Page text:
by Thomas Dworetzky
, Contributing Reporter | August 27, 2019
An Oklahoma ruling Monday could be an omen of costs to come for opioid maker Johnson & Johnson.
The $572 million guilty ruling — one of the biggest money awards ever in the U.S. — is the first in the country to put accountability on a drug company for the raging epidemic, which District Judge Thad Balkman called an “imminent danger and menace.”
“The state met its burden that the defendants Janssen and Johnson & Johnson’s misleading marketing and promotion of opioids created a nuisance as defined by [the law],” said the judge, according to CNBC
, adding that health and safety of Oklahomans had been “compromised.”
“Specifically, defendants caused an opioid crisis that’s evidenced by increased rates of addiction, overdose deaths and neonatal abstinence syndrome,” he stated.
“We showed how the company repeatedly ignored warnings by the federal governments and its own scientific advisers about the dangers of its drugs and the risks of marketing its products the way it did," stressed Oklahoma Attorney General Mike Hunter at a Monday press conference.
He added that, "we have proven that Johnson & Johnson has built its billion-dollar brand out of greed and on the backs of pain and suffering of innocent people," according to CBS News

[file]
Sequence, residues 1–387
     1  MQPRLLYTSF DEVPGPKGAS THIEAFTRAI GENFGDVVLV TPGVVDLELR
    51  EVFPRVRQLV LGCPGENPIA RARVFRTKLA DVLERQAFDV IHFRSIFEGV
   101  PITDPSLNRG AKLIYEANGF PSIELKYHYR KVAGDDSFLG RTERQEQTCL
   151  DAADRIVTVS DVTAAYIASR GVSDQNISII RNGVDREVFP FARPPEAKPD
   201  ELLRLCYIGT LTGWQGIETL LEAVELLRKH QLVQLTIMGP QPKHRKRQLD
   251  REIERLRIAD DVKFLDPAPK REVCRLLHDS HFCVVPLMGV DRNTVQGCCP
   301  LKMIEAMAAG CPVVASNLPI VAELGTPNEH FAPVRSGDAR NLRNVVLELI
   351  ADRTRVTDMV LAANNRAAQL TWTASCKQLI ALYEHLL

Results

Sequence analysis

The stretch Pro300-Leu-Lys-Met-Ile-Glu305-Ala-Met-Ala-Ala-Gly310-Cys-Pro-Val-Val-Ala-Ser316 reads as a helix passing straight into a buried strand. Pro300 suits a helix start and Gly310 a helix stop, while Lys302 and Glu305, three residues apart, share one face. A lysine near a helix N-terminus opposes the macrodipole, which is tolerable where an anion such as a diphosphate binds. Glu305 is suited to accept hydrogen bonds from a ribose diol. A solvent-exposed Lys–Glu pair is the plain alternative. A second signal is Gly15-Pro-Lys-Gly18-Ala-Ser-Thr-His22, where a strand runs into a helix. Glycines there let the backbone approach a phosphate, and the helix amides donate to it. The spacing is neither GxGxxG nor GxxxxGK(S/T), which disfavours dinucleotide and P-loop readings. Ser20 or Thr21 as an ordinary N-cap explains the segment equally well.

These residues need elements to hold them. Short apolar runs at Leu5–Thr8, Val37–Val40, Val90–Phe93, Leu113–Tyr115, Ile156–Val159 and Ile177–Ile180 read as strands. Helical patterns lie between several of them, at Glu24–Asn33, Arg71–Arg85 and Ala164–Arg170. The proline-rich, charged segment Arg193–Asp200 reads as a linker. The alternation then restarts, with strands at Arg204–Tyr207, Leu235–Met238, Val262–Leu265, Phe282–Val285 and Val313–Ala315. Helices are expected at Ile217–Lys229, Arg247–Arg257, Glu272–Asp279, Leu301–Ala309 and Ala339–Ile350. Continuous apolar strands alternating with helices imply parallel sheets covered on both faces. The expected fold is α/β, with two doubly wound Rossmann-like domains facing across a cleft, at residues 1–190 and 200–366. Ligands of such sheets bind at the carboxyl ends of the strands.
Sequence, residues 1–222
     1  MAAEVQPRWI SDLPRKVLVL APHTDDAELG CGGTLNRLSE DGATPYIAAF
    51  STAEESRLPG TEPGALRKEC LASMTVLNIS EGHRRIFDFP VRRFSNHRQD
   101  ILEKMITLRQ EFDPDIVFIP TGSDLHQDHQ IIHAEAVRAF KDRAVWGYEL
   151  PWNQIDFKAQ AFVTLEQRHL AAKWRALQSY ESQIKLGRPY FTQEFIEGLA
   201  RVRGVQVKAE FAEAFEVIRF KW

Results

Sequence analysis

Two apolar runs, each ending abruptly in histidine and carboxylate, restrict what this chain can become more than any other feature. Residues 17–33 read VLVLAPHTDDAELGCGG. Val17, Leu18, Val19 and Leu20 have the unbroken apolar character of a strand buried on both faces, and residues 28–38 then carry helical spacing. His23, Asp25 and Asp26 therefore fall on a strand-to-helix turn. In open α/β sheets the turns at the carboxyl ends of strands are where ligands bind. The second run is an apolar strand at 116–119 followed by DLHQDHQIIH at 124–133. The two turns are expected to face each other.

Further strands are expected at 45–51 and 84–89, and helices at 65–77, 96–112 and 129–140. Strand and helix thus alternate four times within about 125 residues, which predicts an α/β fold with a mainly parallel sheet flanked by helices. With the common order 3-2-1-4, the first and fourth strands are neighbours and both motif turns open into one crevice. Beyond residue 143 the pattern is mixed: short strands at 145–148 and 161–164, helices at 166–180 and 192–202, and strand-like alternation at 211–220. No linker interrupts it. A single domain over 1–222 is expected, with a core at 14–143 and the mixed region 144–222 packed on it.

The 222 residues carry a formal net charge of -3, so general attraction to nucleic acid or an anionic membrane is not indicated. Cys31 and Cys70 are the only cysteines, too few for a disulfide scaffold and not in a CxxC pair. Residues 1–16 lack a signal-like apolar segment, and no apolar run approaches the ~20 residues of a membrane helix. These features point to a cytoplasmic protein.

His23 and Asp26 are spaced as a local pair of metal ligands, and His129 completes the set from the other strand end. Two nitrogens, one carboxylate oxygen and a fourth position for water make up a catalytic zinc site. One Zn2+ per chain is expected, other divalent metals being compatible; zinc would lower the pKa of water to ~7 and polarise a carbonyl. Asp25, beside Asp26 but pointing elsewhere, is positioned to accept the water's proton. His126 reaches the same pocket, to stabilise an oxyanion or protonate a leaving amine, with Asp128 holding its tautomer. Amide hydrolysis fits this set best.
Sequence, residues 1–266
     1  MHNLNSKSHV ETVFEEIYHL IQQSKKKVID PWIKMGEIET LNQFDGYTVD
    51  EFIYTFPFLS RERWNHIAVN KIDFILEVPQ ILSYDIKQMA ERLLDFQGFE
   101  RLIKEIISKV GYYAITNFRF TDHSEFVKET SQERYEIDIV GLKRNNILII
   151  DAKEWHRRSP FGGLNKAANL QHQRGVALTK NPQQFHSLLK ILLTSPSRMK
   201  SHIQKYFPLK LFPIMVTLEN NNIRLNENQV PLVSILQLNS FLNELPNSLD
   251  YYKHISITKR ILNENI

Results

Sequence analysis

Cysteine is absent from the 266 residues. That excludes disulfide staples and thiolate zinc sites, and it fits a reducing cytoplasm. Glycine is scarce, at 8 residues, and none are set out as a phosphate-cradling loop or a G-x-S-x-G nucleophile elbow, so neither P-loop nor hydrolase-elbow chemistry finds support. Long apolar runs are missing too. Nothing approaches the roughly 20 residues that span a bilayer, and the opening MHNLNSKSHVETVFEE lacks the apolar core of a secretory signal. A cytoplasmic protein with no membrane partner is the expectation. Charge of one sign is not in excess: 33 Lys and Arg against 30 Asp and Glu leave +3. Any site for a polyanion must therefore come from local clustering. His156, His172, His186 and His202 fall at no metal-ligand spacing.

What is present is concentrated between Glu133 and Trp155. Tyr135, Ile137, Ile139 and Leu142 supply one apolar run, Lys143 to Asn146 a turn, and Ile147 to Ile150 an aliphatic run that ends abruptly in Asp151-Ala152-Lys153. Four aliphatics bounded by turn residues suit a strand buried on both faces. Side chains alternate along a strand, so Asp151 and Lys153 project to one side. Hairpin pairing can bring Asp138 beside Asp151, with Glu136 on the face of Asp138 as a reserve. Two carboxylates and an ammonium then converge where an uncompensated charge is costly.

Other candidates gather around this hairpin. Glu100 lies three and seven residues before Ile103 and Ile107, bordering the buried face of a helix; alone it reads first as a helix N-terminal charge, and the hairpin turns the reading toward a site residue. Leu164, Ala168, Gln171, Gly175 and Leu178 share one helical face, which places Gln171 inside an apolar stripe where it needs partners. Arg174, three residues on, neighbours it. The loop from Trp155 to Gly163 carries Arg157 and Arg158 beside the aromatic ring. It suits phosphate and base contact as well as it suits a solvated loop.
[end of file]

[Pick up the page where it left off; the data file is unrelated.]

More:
J&J and its subsidiary Janssen plan to appeal.
One issue is that the ruling said that the companies had trained sales staff to tell clinicians that the risk of addiction was low — just 2.6 percent or less — as long as the drugs were physician prescribed. It also targeted liberal script-writers as “key customers.”
The multimillion-dollar judgement covers just a single year of the state's efforts to battle the crisis, which a number of government witnesses stated would take at least two decades to accomplish. But the ruling noted that this time frame was not proved, stating that, “the state did not present sufficient evidence of the amount of time and costs necessary, beyond year one, to abate the opioid crisis.”
Investors had anticipated that the company would be hit with a fine of $500 million to $5 billion, CNBC noted, citing Evercore ISI analyst Elizabeth Anderson.
“Janssen did not cause the opioid crisis in Oklahoma, and neither the facts nor the law support this outcome,” J&J general counsel Michael Ullmann said in a statement. “We recognize the opioid crisis is a tremendously complex public health issue and we have deep sympathy for everyone affected. We are working with partners to find ways to help those in need.”